The golden rooster
|Title:||The golden rooster|
|Libretto :||Vladimir Bjelski|
|Premiere:||September 24th July / 7 October 1909 greg.|
|Place of premiere:||Moscow|
|Playing time:||about 2 hours|
|Place and time of the action:||Place and time of the action|
The Golden Rooster ( Russian Золотой петушок Solotoi petuschok ) is an opera in three acts (with prologue and epilogue) by Nikolai Rimsky-Korsakov based on a libretto by Vladimir Bjelski based on the fairy tale of the same name by Alexander Pushkin (1834), which in turn is based on the saga of Arabic astrologers from the short story collection The Alhambra (1832) by Washington Irving . The Parisian performance in 1914 in particular made the opera a sensational success and gained importance as a milestone in the development of modern music theater.
An astrologer appears on the stage and announces the next action.
In the palace hall of King Dodon. Serious worries weigh on the old king. His empire is threatened on all sides, and his successes on the battlefield are far behind. He seeks advice from his sons, Princes Gwidon and Afron, but the measures they propose are absurd. Now the astrologer enters the scene and offers a golden rooster as a solution, which beats its wings and starts to crow loudly as soon as danger threatens. The king and his advisors happily enter into this convenient solution. The astrologer postpones the offered royal reward until later. From now on the golden rooster fulfills its duty to watch to everyone's satisfaction. At his first alarm, the king's sons and soldiers move into the field. The remaining court falls back into sweet idleness and Dodon dreams of the beautiful Queen of Schemacha. But soon the golden rooster warns of new calamities. The people gather in fear in front of the palace, and at last General Polkan wakes the sleeping king. In a moody mood, Dodon and the remaining soldiers go into battle to the cheers of the people to help his sons.
The king in a narrow ravine. His army is defeated and his sons are dead at his feet. Dodon wants revenge. He suspects the enemy to be in a magnificent tent suddenly emerging from the fog. He immediately loads his last remaining cannon, but then a young, bewitchingly beautiful woman emerges from the tent. She sings about the rising sun, it is the Queen of Schemacha from Dodon's dream, and she wants his kingdom. But it should not be conquered by force, but by beauty. Enigmatic and with a mocking smile, she ensnares the defeated king. In her memory the feast with Gwidon and Afron comes back to life, both of whom offered her the crown and pierced each other for her sake. Dodon falls for her completely and does not notice how the queen is mocking him. He blindly offers her himself and his realm, into which both of them move with many slaves, soldiers and precious treasures.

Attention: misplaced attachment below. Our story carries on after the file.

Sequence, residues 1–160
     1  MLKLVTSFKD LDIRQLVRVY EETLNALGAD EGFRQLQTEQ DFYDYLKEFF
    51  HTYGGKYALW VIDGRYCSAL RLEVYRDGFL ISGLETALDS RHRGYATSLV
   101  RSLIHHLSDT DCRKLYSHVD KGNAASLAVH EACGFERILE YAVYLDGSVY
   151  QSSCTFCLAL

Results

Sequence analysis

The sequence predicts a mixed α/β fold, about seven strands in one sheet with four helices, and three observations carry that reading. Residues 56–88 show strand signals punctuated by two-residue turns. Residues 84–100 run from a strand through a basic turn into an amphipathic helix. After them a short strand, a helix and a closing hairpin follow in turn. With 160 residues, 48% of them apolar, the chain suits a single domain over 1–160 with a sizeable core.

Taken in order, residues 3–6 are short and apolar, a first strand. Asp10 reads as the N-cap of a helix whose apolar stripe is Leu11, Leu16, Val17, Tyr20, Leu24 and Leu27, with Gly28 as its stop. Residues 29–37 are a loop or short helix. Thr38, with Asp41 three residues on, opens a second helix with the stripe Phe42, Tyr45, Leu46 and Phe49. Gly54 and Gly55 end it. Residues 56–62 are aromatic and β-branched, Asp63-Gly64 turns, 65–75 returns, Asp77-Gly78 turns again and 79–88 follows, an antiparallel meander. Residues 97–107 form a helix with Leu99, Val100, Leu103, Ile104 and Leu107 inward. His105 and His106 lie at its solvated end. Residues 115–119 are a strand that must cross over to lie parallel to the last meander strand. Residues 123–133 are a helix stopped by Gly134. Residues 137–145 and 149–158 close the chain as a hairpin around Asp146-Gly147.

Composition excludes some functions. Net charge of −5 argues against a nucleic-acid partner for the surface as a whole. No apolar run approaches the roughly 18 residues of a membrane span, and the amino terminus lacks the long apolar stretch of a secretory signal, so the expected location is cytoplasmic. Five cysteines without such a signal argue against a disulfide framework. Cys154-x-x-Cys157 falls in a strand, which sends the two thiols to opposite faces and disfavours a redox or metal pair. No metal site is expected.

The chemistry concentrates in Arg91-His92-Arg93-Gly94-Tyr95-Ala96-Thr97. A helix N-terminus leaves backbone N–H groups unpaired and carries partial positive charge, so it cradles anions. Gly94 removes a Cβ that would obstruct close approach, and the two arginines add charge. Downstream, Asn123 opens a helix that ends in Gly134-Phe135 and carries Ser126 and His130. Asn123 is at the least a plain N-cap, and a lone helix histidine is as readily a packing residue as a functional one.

Third act and epilogue
The overseer Amelfa announces the outcome of the battle and the return of Dodon with the new, strange queen. The procession is already approaching, and the astrologer who also appears demands the queen of Schemacha from the king as the price for the golden rooster. Furious, Dodon knocks the astrologer down with the scepter and kills him. A storm approaches, the Queen laughs furtively, and Dodon sees disaster coming. When he tries to kiss her, she pushes him back because the punishment for his crimes is near. Then the golden rooster rushes at him and picks him with its beak until it collapses lifelessly. The queen escapes with the miracle bird in a thunderstorm that is discharging. Embarrassed and without understanding, the people viewed the new situation after the death of the Tsar.
The astrologer enters the stage one last time and advises the audience not to take the gloomy ending of the fairy tale too seriously.
Origin and performance
After Nikolai Rimski-Korsakow had composed the opera between 1906 and 1907, it was premiered on September 24th July. / 7 October 1909 greg. held in Moscow . Five years later, the Parisian performance of the opera on May 24, 1914 by the Ballets Russes caused a worldwide sensation and a revolution in romantic music theater. At the traditional Opéra Nationale de Paris , the ballet ensemble under its director and impresario Sergei Djagilew broke with the previously dominant playing principle of this art form - the unity of actor and theater figure.
When the opera was performed, the singers were placed on the stage with their part books in hands along the side decoration, while dancers and actors performed the action without singing. The departure from tradition was clear: stage actors and singers in one role were no longer the same person. The theater characters were consequently no longer seen as singing images of people; their psychology no longer challenged viewers to identify with what was offered, but to contemplate them from a distance.
This deliberately provocative, experimental performance of the Golden Rooster became an international success and influenced the further development of musical theater in the twentieth century.
The role of the magician, which acts both inside and outside the drama, is filled with an extremely high tenor. Rimsky-Korsakov referred to this pitch as "tenore altino".
- Jürgen Schläder: Against Wagner. Theatrical and compositional innovations in music theater of the classical avant-garde , in: Opera in the 20th century. Development tendencies and composers , ed. v. Udo Bermbach. Stuttgart / Weimar 2000, pp. 50-74
- The Golden Cockerel : Sheet music and audio files in the International Music Score Library Project
- Story of Der goldene Hahn bei Opera-Guide landing page due to URL change currently unavailable